Author(s): Kundan Pandey
Date:Feb 19, 2015 

Kin of accident victim denied insurance amount for not using RuPay debit card and carrying out at least one financial transaction

imageAround 80 million accounts have zero balance, implying no financial transactions have been undertaken by the account holders who are mostly poor people (Image )

Prime Minister Narendra Modi’s pet programme, the much-touted Pradhan Mantri Jan Dhan Yojana (PMJDY), is proving to be of little benefit, people are realising to their dismay.

Take the case of Avinash Bharti (21), son of Komal Singh, who took cue from the prime minister’s Independence Day speech last year and opened an account in Shivaji Nagar in Dehradun district, Uttarakhand, on August 29, 2014. He met with an accident on November 1 while returning from Garhwal and died. When his father went to the bank to claim the insurance amount he was promised before opening bank account, he was turned away.

The bank officials told Singh he is not eligible to claim the insurance money, says Chandra Shekhar Gaur who has been following the case since the beginning. Gaur from Neemuch district in Madhya Pradesh, later filed an RTI to obtain details of the terms and conditions of the scheme.

The revelation was shocking. He got to know that the benefit of insurance will be available only to those who have the RuPay debit card (issued under PMJDY) and have carried out minimum one successful financial or non-financial transaction 45 days prior to premature death.

Zero balance accounts 

These terms and conditions were not made public when the prime minister gave his speech, but the fact is that around 80 million out of the over 100 million accounts opened under the scheme have zero balance. The RTI reply highlights that a total of 108,464,393 accounts were opened while 89,633,976 RuPay debit cards were issued. A total of 78,834,602 accounts have zero balance.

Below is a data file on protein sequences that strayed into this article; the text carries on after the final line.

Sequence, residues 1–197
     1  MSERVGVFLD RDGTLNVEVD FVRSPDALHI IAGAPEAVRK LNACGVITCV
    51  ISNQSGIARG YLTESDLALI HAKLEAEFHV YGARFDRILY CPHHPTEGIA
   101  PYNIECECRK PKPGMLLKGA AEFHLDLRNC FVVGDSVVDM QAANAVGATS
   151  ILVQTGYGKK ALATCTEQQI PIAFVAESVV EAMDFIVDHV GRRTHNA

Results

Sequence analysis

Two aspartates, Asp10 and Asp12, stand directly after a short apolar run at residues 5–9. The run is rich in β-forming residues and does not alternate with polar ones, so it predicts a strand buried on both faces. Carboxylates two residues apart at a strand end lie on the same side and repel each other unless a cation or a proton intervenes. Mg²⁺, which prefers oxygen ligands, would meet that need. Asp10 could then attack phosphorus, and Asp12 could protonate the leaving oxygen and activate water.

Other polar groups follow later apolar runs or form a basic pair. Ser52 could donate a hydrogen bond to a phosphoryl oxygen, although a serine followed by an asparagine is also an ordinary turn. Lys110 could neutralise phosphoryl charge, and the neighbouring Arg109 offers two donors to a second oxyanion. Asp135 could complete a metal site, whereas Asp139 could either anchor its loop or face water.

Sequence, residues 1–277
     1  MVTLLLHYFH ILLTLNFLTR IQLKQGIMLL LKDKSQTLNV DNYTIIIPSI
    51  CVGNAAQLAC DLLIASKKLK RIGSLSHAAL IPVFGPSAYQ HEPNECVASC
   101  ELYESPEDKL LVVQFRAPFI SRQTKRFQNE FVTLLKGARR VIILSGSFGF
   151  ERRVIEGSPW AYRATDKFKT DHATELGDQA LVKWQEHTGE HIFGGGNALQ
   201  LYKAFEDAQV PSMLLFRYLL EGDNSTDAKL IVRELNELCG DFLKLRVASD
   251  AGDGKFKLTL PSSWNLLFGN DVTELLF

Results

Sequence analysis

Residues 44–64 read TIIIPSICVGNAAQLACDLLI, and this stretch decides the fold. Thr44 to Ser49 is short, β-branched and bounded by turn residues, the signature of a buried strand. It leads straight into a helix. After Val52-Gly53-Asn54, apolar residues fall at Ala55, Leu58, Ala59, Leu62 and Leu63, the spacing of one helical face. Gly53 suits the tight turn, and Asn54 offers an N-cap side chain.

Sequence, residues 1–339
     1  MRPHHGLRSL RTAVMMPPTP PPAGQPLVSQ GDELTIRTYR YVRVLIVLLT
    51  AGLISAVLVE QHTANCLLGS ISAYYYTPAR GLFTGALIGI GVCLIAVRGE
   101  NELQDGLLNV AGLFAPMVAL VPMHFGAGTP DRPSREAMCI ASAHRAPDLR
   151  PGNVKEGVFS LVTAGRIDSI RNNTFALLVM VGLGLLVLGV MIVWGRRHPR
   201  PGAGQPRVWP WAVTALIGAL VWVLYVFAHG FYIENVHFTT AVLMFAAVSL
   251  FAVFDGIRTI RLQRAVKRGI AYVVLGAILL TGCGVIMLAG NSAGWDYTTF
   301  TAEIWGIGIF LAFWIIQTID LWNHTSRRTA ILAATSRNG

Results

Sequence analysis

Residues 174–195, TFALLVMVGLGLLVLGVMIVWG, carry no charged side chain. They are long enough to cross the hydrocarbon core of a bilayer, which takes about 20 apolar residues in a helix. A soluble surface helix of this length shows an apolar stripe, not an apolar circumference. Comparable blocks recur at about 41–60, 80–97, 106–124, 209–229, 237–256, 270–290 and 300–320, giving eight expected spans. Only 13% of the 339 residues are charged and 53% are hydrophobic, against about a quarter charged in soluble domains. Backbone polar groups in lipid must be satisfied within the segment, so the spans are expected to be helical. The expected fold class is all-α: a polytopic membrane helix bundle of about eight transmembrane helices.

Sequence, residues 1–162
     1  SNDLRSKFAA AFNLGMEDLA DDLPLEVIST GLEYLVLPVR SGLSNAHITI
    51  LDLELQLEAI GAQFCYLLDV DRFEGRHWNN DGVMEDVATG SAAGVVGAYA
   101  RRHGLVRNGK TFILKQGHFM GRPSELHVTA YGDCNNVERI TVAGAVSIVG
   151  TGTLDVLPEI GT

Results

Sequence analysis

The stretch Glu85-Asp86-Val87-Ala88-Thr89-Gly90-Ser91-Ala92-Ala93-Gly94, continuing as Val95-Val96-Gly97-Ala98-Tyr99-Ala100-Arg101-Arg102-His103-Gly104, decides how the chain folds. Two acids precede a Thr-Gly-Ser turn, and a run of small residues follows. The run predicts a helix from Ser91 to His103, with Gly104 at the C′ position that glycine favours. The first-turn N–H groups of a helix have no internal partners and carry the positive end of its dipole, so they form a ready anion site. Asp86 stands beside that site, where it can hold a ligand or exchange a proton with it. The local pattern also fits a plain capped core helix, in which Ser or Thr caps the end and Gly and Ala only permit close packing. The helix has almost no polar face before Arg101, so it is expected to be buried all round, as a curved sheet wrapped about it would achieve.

The question that arises then is why would any person who has zero balance in the account go to the bank for a transaction? At the same time, if he does not make a transaction, he will not get the promised insurance in case of a mishap. The government put in place this condition knowing fully well that the beneficiaries are from the marginalised society and are unlikely to deposit money in the bank.

Where’s the insurance money?

For the RuPay scheme, the National Payments Corporation of India (NPCI) had entered into an arrangement with HDFC ERGO General Insurance Company (HDFC ERGO) which came into effect from April 1, 2014 and shall remain effective for a period of one year (up to March 31).

While the agreement with HDFC ERGO will end on March 31, just one-and-half months from now, the government is yet to finalise several clauses in the agreement.

Interestingly, when an applicant asks how much amount of premium the insurers have made available for accident insurance to the account holders linked with PMJDY, NPCI refused to reveal, saying it is not in public interest and its commercial interest to disclose the information.

Gaur has questioned NPCI on its refusal to disclose details. “We are entitled to know the detail of any government scheme, including investment and benefits. There is something the government is hiding,” he said. His suspicion got stronger when the Union finance ministry responded to the same question. The ministry said the premium on these insurance has not been ascertained so far. Ministry of finance gave this information on January 6, 2015 in response to Gaur’s RTI application. The reply goes on to say that the guidelines for disposal of claims under insurance are still under consideration.

Unsettled claims

Gaur points out that as per the National Crime Records Bureau (NCRB) data, about 16 people die and 58 are injured every hour in road accidents in India and 100 million people have already been brought under the umbrella of government banking scheme, by-default making them beneficiaries of the insurance scheme under the prime minister’s financial inclusion plan.

“Where are the claims of the people?” he asks. It can be safely assumed that at least several thousand claims could have been made for insurance money. But very few people have come forward to claim their insurance money. NPCI informs that a total 34 cases of claims were received by December and not a single one has been settled so far.